Despite Orual’s hatred of the King, she acts just like him when she threatens to kill Redival. Redival also proves to be her father’s daughter, as she fears that she’ll be sacrificed along with Psyche. It’s possible, however, that Redival feels her insignificance painfully and almost craves the love and beauty that would make her worthy of sacrifice along with her sister.
Orual is injured from the King’s beatings, but she goes to the room where Psyche has been imprisoned. Bardia is guarding the door and says he can’t let Orual in, even when she protests. Though his face is kind, Orual hates him in that moment. She goes to the King’s chamber and takes a sword, which she brings back to Psyche’s prison. She attacks Bardia, but she has never even held a sword before. He disarms her easily, and her helplessness makes her cry.
While the King becomes violent in his hatred and fear for himself, Orual’s violence stems mostly from her love of Psyche. She loves and fears for Psyche to a point of complete desperation. Even though Bardia refuses to let Orual into the room, it’s clear that he’s a good man forced to obey cruel orders.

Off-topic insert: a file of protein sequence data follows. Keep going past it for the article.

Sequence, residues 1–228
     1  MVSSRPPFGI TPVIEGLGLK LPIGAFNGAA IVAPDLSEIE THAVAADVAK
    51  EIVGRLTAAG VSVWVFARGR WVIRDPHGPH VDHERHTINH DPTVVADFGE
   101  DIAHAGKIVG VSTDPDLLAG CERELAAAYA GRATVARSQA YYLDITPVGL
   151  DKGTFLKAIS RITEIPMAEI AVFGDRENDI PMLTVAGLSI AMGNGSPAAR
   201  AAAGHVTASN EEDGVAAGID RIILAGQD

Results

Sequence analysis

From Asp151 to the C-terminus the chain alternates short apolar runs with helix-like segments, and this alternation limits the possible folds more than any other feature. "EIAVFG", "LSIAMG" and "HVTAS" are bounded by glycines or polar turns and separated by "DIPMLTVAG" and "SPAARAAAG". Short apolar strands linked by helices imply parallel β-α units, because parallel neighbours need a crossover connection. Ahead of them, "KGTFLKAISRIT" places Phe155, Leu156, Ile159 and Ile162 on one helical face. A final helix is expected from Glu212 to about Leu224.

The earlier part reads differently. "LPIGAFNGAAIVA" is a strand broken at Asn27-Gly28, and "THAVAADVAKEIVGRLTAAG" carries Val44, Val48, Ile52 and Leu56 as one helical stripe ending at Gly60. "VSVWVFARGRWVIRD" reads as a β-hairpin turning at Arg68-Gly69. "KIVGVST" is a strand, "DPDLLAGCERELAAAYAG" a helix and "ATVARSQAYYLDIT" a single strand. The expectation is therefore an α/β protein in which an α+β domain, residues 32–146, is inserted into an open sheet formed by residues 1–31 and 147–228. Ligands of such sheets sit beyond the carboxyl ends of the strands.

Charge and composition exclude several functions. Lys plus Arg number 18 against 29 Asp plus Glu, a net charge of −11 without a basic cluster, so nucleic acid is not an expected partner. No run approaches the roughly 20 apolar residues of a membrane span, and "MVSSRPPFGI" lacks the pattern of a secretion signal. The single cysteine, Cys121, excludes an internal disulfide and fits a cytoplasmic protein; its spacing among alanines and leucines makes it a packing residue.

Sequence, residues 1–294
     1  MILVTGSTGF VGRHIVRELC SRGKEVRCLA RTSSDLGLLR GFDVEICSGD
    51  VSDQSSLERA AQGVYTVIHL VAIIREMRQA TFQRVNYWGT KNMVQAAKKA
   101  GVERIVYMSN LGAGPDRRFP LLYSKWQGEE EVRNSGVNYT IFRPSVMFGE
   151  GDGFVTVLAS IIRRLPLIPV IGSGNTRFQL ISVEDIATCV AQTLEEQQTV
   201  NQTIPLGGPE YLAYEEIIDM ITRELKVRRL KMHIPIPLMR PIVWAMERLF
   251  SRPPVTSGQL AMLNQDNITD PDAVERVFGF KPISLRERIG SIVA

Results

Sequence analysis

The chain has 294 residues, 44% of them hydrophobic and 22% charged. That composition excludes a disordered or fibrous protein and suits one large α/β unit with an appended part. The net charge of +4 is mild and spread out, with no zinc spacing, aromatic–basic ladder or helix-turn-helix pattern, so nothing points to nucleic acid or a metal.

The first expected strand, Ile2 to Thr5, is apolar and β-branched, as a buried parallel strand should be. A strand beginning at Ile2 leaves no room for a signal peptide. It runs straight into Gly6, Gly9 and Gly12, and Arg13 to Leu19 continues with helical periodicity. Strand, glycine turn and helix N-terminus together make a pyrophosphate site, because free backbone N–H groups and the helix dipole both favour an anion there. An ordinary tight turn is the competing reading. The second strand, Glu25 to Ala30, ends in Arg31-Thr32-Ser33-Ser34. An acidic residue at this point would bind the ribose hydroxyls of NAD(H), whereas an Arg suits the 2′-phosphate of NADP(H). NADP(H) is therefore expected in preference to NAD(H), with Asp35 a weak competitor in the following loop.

Bardia praises Orual’s effort with the sword, expressing regret that she’s not a man. She wishes he had killed her. Her weeping makes Bardia almost cry himself, and he decides to let her in, saying that he would die if it would save Psyche. Even though he’s captain of the guard, he wouldn’t let anyone else guard her door, in case he could comfort her somehow. He makes Orual promise to leave the room when he knocks on the door. She swears on his sword and enters.
Orual and Bardia are connected even in this initial interaction by their mutual desire to die for Psyche’s sake. Bardia exhibits the unfailing loyalty that Orual will value all her life. Furthermore, their relationship begins with Bardia wishing Orual were a man, a sentiment that he’ll repeat often and that she finds discouraging. She can never be enough as a woman due to her ugliness.